August 2014
Volume 14, Issue 10
Free
Vision Sciences Society Annual Meeting Abstract  |   August 2014
Hypobaric hypoxia increases intersaccadic drift velocity
Author Affiliations
  • Leandro L. Di Stasi
    Department of Neurobiology, Barrow Neurological Institute, Phoenix, AZ, USA.
  • Raúl Cabestrero
    National University of Distance Education, Madrid, Spain.
  • Michael B. McCamy
    Department of Neurobiology, Barrow Neurological Institute, Phoenix, AZ, USA.
  • Francisco Ríos
    Spanish Defence Aero-medical Center (C.I.M.A.), Madrid, Spain.
  • Andrés Catena
    Learning, Emotion, and Decision Group. Mind, Brain, and Behavior Research Center (CIMCYC). University of Granada, Granada, Spain.
  • Pilar Quirós
    National University of Distance Education, Madrid, Spain.
  • Jose A. Lopez
    Spanish Defence Aero-medical Center (C.I.M.A.), Madrid, Spain.
  • Carolina Saez
    Spanish Defence Aero-medical Center (C.I.M.A.), Madrid, Spain.
  • Stephen L. Macknik
    Department of Neurosurgery, Barrow Neurological Institute, Phoenix, AZ, USA.
  • Susana Martinez-Conde
    Department of Neurobiology, Barrow Neurological Institute, Phoenix, AZ, USA.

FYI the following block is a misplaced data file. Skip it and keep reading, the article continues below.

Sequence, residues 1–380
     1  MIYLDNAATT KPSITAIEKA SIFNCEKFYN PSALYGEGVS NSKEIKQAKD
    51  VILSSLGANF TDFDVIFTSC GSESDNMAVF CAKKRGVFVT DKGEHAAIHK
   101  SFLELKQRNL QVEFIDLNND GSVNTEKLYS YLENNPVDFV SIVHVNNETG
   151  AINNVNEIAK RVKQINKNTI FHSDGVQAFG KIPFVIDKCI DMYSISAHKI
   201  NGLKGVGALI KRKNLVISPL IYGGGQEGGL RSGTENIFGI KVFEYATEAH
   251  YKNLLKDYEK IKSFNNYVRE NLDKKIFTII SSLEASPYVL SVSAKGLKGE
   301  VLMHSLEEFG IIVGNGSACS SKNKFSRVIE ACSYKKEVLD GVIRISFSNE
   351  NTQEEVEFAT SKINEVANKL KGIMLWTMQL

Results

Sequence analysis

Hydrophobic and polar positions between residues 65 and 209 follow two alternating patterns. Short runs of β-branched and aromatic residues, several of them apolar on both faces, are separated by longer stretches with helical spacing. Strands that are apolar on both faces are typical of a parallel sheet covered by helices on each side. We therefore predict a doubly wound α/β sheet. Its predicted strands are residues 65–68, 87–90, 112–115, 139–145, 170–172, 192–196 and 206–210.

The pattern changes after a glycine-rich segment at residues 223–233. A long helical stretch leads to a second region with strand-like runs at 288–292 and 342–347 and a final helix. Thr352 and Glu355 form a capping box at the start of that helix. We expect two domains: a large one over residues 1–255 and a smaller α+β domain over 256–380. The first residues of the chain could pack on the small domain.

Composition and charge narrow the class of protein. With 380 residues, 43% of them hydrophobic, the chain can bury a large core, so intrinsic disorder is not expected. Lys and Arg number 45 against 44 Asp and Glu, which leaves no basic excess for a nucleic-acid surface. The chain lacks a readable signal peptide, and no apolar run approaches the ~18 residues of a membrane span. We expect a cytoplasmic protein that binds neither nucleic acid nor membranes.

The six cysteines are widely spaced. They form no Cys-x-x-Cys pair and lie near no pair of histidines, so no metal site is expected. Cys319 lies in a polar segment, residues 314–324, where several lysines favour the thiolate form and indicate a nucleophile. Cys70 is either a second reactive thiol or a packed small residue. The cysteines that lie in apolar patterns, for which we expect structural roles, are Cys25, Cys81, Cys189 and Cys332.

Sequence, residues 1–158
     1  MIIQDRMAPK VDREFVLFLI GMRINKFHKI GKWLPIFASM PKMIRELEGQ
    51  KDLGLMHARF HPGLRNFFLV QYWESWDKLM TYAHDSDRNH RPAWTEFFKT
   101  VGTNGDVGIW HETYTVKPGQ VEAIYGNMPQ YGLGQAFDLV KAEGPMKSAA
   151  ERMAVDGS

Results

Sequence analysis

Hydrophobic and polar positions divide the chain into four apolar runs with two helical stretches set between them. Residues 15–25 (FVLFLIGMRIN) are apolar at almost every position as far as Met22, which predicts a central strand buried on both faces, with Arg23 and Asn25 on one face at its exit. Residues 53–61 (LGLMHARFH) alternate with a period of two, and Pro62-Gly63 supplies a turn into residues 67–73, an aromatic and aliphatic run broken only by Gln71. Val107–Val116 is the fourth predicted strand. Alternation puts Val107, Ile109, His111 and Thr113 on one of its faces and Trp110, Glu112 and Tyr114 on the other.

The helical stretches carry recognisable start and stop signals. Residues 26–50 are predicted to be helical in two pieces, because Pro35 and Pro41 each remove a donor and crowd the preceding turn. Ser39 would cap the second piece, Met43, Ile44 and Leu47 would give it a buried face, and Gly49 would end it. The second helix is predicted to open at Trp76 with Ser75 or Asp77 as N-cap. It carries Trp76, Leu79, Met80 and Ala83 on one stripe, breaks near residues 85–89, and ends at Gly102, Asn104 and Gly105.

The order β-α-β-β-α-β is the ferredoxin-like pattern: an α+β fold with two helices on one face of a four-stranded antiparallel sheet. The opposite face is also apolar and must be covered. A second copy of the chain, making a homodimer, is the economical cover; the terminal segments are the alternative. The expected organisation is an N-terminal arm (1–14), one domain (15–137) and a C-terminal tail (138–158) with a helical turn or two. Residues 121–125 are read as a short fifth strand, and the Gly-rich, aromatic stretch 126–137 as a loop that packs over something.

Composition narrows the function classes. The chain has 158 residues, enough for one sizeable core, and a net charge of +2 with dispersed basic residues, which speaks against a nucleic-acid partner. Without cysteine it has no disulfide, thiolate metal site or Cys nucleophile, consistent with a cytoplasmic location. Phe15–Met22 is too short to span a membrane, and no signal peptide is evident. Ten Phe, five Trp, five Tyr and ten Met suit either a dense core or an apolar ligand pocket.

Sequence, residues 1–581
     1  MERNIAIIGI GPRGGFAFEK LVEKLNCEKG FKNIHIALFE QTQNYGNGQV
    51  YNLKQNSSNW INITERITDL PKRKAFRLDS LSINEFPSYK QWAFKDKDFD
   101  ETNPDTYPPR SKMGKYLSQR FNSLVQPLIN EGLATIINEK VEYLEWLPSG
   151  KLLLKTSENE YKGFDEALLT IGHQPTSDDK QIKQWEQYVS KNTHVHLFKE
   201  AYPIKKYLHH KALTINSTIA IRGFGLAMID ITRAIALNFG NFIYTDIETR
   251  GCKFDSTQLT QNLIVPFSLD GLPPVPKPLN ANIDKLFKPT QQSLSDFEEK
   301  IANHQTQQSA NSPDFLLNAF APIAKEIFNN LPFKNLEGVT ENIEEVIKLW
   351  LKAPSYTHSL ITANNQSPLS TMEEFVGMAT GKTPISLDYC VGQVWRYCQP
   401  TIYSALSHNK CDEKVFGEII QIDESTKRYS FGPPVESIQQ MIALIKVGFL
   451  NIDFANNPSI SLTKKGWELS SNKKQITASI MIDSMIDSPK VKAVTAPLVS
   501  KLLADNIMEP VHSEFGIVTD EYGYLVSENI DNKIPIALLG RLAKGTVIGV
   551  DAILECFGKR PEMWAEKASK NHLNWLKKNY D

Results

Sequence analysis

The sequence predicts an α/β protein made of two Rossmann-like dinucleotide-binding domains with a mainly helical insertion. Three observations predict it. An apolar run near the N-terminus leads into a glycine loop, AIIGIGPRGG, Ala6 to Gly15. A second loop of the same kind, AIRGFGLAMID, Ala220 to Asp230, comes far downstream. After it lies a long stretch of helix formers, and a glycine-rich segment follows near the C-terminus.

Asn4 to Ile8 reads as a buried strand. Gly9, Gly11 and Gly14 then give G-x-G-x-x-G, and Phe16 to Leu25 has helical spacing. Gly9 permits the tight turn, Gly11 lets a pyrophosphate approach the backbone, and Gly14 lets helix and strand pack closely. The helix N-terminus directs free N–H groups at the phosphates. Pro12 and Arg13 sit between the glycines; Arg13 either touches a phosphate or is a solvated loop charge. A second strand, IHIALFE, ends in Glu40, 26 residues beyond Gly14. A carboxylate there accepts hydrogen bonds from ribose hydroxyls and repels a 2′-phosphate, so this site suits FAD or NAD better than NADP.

Journal of Vision August 2014, Vol.14, 113. doi:10.1167/14.10.113
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    • Get Citation

      Leandro L. Di Stasi, Raúl Cabestrero, Michael B. McCamy, Francisco Ríos, Andrés Catena, Pilar Quirós, Jose A. Lopez, Carolina Saez, Stephen L. Macknik, Susana Martinez-Conde; Hypobaric hypoxia increases intersaccadic drift velocity. Journal of Vision 2014;14(10):113. doi: 10.1167/14.10.113.

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      © ARVO (1962-2015); The Authors (2016-present)

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Abstract

Hypoxia, defined as decreased availability of oxygen in the bodys tissues, can lead to dyspnea, rapid pulse, syncope, visual dysfunction, mental disturbances such as delirium or euphoria, and even death. It is considered to be one of the most serious hazards during flight. Thus, early and objective detection of the physiological effects of hypoxia is critical to prevent catastrophes in civil and military aviation. The few studies that have addressed the effects of hypoxia on objective oculomotor metrics have had inconsistent results, however. Thus, the question of whether hypoxia modulates eye movement behavior remains open. Here we examined the effects of short-term hypobaric hypoxia on the velocity of saccadic eye movements and intersaccadic drift of Spanish Air Force pilots and flight engineers, compared to a control group that did not experience hypoxia. Saccadic velocity decreased with time-on-duty in both groups, in correlation with subjective fatigue. Intersaccadic drift velocity increased in the hypoxia group only, suggesting that acute hypoxia diminishes eye stability, independently of fatigue. Our results suggest that intersaccadic-drift velocity could serve as a biomarker of acute hypoxia. These findings may also contribute to our understanding of the relationship between hypoxia episodes and central nervous system impairments.

Meeting abstract presented at VSS 2014

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